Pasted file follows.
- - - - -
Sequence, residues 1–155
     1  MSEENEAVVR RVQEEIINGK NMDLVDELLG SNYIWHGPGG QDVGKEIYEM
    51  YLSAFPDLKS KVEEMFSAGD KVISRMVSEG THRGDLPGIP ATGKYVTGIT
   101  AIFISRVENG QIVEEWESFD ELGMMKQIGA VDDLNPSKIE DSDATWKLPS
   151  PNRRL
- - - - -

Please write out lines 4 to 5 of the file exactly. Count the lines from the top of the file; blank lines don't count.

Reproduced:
   101  AIFISRVENG QIVEEWESFD ELGMMKQIGA VDDLNPSKIE DSDATWKLPS
   151  PNRRL